A Vision for the Future of School that You Can Own

As a full-time education consultant, Allison Zmuda works with educators to grow ideas on how to make learning for students challenging, possible and worthy of the attempt. Over the past 19 years, Zmuda has shared curricular, assessment, and instructional ideas, shown illustrative examples, and offered practical strategies of how to get started.

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Over this past weekend, I dug into the book Finnish Lessons 2.0 by Pasi Sahlberg with the intention of reading about the transformation of Finnish education before my trip to Finland at the end of September. Sahlberg asserts,

“What the world can learn from educational change in Finland is that creating a good and equitable education system is possible, but it takes the right mix of ingenuity, time, patience and determination.”

Much of what I read confirmed what I already knew about the Finnish way and is fundamental to any community’s transformation:

  • trust teachers and schools to help students do their best,
  • focus on learning through the use of alternative classroom assessments,
  • leverage teacher experimentation and research to design and evaluate what impacts learning,
  • ensure a balanced approach in course offerings and opportunities to grow a range student, and
  • provide a safe and supportive environment for every student.

What become clearer to me as I read that were so fundamental to the vision, so unbelievably complex, and so vital to put on the table in our own local conversations:

The emphasis on equity of outcomes

Sahlberg describes this as “having a socially fair and inclusive education system that provides everyone with the opportunity to fulfill their intentions and dreams through education.” This aspiration not only guides the work of the schools but also is reflected in the democratic ideals of Finnish society. You can’t simply transplant this into another school environment without taking a hard look at what we truly believe about the potential of every citizen regardless of age, native language, and socioeconomic status.

The emphasis on less is more

Compulsory education begins at a later age (7 years old), school days run shorter than in many other countries, and homework is surprisingly minimal. What are students and teachers doing with their “free” time? Students are learning in “unsupervised environments” by participating in youth and sport associations which grows “social and personal development.” Teachers are engaged in “school improvement, curriculum planning, and personal professional development” as part of their work day. This strong belief in focusing on the quality of the learning experience rather than the number of minutes learning is in direct contrast to how learning is structured in American schools.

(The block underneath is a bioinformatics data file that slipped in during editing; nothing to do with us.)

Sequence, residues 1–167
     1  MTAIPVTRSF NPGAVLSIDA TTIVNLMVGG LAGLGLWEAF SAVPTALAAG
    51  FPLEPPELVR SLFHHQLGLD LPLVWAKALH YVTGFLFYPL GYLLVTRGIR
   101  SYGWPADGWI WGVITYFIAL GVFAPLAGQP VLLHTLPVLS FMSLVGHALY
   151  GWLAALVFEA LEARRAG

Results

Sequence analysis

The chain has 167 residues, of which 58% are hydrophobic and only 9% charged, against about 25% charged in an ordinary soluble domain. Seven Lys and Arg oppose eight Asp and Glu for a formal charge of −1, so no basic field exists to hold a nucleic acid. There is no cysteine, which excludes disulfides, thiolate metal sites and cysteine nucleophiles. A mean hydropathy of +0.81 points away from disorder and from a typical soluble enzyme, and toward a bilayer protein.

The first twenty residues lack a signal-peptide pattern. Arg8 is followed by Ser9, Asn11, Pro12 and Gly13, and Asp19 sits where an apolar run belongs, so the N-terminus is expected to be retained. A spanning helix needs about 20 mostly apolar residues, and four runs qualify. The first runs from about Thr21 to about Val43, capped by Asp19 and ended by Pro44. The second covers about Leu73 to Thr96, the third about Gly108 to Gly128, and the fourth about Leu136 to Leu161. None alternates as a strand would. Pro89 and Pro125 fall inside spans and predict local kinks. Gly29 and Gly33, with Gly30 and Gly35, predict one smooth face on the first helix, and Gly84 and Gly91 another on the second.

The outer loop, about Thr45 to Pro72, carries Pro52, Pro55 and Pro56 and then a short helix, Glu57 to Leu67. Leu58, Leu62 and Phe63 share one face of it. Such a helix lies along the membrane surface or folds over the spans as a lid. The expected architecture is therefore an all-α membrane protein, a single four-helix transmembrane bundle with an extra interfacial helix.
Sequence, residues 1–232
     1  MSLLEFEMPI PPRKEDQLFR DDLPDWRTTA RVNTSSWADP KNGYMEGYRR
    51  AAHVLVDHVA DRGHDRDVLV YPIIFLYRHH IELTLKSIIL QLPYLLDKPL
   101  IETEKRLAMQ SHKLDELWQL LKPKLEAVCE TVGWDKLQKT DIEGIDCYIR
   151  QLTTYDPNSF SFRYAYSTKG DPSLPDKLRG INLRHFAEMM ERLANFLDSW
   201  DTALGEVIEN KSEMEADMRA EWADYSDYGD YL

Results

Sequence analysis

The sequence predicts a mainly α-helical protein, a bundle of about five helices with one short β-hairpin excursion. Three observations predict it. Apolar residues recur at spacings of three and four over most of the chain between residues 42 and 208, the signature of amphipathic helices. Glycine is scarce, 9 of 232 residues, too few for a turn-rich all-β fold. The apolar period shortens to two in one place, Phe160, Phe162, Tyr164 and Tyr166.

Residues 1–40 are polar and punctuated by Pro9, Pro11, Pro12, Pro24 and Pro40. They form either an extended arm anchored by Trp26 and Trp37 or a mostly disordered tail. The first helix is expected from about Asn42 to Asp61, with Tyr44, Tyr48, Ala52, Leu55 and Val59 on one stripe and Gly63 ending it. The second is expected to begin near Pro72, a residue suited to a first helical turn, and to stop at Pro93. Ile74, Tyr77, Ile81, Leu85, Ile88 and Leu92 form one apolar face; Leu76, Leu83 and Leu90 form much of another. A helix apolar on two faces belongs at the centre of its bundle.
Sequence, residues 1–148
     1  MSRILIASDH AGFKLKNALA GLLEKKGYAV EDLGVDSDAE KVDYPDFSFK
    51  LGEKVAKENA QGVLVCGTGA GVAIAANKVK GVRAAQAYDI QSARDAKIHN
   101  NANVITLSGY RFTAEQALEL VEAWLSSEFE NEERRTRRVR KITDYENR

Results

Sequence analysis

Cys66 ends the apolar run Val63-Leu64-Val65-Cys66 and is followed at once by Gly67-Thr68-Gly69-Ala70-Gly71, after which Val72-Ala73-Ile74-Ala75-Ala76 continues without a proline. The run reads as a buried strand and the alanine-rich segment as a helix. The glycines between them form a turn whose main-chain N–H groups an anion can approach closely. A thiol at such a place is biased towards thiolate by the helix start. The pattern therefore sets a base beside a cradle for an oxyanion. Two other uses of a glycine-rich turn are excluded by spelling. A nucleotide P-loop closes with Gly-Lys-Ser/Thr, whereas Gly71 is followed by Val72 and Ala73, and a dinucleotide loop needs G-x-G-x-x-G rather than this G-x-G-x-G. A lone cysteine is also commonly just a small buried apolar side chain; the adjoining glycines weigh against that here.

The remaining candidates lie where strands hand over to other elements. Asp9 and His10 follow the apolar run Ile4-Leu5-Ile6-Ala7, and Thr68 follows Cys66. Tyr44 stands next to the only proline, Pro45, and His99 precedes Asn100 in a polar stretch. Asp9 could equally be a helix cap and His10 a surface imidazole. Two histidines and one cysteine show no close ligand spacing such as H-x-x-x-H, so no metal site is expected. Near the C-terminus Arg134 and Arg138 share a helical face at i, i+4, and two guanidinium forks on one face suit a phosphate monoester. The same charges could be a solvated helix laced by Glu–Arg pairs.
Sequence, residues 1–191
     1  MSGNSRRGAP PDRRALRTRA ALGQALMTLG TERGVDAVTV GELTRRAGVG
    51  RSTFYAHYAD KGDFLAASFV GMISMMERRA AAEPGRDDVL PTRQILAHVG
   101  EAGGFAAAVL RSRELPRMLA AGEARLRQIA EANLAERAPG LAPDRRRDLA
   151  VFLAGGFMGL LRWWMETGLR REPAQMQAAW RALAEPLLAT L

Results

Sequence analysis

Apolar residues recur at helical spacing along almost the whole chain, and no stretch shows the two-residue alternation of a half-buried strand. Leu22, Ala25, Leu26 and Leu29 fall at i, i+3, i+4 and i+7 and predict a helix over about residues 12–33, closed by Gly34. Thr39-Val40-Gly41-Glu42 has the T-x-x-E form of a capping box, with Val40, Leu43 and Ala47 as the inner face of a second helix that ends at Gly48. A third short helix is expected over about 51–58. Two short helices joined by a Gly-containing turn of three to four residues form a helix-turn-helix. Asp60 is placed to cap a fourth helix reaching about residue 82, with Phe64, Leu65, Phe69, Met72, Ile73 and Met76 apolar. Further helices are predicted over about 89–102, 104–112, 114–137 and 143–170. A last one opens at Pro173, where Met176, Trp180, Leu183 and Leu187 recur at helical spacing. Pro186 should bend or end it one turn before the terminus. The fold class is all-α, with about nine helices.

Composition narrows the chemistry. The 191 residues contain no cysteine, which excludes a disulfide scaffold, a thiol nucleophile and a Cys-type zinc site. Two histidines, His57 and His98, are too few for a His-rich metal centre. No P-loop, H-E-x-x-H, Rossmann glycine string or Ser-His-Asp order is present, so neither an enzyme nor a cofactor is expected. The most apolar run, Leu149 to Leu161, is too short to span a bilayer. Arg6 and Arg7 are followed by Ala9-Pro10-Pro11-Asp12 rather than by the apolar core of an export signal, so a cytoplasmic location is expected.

The emphasis on personalized learning

If there is equity in outcomes for all learners, then the learning plan needs to be customized to the learner. Sahlberg notes that “retention and ability grouping were clearly against these ideals.” Growing student curiosity, engagement, and ownership in the learning requires educators to better understand from their students what topics, passions, themes, and challenges are worthy of deeper study, problem solving, and development.

Regardless of where we live, our steadfastness and ingenuity is to focus on a future where schools need to address the development of “new types of knowledge and skills required in an unpredictably changing world and how to make that new learning possible for all young people regardless of their socioeconomic conditions.” The students are counting on us to create a vision that is worthy of their investment.

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